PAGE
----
The pituitary gland consists of two parts, the anterior (front) and posterior (back) pituitary. Both parts release hormones that control numerous other organs. In pituitary apoplexy, the main initial problem is a lack of secretion of adrenocorticotropic hormone (ACTH, corticotropin), which stimulates the secretion of cortisol by the adrenal gland. This occurs in 70% of those with pituitary apoplexy. A sudden lack of cortisol in the body leads to a constellation of symptoms called "adrenal crisis" or "Addisonian crisis" (after a complication of Addison's disease, the main cause of adrenal dysfunction and low cortisol levels). The main problems are low blood pressure (particularly on standing), low blood sugars (which can lead to coma) and abdominal pain; the low blood pressure can be life-threatening and requires immediate medical attention.
Hyponatremia, an unusually low level of sodium in the blood that may cause confusion and seizures, is found in 40% of cases. This may be caused by low cortisol levels or by inappropriate release of antidiuretic hormone (ADH) from the posterior pituitary. Several other hormonal deficiencies may develop in the subacute phase. 50% have a deficiency in thyroid-stimulating hormone (TSH), leading to undersecretion of thyroid hormone by the thyroid gland and characteristic symptoms such as fatigue, weight gain, and cold intolerance. 75% develop a deficiency to gonadotropins (LH and FSH), which control the reproductive hormone glands. This leads to a disrupted menstrual cycle, infertility and decreased libido.
Almost all cases of pituitary apoplexy arise from a pituitary adenoma, a benign tumor of the pituitary gland. In 80%, the patient has been previously unaware of this (although some will retrospectively report associated symptoms). It was previously thought that particular types of pituitary tumors were more prone to apoplexy than others, but this has not been confirmed. In absolute terms, only a very small proportion of pituitary tumors eventually undergoes apoplexy. In an analysis of incidentally found pituitary tumors, apoplexy occurred in 0.2% annually, but the risk was higher in tumors larger than 10 mm ("macroadenomas") and tumors that were growing more rapidly; in a meta-analysis, not all these associations achieved statistical significance.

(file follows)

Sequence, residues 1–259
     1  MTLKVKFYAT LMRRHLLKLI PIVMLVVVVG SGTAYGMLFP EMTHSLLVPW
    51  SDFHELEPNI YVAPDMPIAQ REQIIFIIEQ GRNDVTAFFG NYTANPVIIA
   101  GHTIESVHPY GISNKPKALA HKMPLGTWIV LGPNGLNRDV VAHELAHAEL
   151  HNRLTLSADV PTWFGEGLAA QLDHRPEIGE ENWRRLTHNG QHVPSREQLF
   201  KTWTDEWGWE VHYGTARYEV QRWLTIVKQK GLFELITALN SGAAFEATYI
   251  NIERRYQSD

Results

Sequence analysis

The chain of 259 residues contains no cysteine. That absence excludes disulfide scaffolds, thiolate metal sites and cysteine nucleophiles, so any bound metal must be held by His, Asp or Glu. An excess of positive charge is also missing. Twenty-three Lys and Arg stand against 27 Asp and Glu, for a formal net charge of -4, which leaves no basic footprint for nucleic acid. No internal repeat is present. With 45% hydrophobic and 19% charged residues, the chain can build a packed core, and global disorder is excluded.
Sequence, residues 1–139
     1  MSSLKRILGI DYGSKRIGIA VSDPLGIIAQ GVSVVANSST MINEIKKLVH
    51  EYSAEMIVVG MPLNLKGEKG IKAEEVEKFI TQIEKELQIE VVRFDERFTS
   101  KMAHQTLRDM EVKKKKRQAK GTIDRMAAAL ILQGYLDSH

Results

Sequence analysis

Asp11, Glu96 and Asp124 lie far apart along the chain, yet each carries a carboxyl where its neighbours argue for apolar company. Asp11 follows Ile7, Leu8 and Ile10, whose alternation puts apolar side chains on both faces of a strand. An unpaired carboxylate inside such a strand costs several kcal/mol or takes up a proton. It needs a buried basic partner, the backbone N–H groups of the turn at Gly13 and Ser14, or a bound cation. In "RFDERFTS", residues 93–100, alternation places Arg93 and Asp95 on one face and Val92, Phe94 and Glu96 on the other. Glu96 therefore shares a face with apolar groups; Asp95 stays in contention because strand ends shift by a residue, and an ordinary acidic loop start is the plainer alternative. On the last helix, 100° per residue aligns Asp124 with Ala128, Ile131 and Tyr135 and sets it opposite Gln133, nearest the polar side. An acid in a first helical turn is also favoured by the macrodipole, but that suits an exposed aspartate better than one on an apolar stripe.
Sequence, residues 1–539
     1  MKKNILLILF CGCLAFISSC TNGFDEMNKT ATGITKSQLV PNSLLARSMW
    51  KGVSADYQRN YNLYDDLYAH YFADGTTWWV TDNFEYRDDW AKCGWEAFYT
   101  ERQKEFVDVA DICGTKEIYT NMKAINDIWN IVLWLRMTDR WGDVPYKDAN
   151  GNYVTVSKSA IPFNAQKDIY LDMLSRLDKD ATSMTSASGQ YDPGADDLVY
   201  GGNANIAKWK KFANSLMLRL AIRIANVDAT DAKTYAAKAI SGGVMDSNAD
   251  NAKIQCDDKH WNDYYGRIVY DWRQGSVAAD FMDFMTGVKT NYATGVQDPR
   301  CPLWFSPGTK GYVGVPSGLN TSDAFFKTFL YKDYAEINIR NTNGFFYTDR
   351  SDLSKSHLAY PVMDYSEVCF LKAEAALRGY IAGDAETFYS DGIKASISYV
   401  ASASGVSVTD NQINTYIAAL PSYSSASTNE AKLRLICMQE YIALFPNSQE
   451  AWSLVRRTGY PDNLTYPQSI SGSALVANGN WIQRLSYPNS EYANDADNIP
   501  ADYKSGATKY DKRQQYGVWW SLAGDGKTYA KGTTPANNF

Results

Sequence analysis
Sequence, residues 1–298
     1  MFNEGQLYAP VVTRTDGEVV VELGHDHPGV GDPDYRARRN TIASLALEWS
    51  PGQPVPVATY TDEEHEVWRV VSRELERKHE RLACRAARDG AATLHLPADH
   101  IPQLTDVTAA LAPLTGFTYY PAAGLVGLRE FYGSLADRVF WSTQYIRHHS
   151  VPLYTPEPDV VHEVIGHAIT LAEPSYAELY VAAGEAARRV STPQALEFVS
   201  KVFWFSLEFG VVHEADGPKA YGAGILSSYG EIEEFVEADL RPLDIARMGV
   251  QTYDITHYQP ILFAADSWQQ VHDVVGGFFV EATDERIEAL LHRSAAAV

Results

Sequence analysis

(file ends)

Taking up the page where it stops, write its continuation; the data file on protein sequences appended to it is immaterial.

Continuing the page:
The majority of cases (60–80%) are not precipitated by a particular cause. A quarter has a history of high blood pressure, but this is a common problem in the general population, and it is not clear whether it significantly increase the risk of apoplexy. A number of cases has been reported in association with particular conditions and situations; it is uncertain whether these were in fact causative. Amongst reported associations are surgery (especially coronary artery bypass graft, where there are significant fluctuations in the blood pressure), disturbances in blood coagulation or medication that inhibits coagulation, radiation therapy to the pituitary, traumatic brain injury, pregnancy (during which the pituitary enlarges) and treatment with estrogens. Hormonal stimulation tests of the pituitary have been reported to provoke episodes. Treatment of prolactinomas (pituitary adenomas that secrete prolactin) with dopamine agonist drugs, as well as withdrawal of such treatment, has been reported to precipitate apoplexy.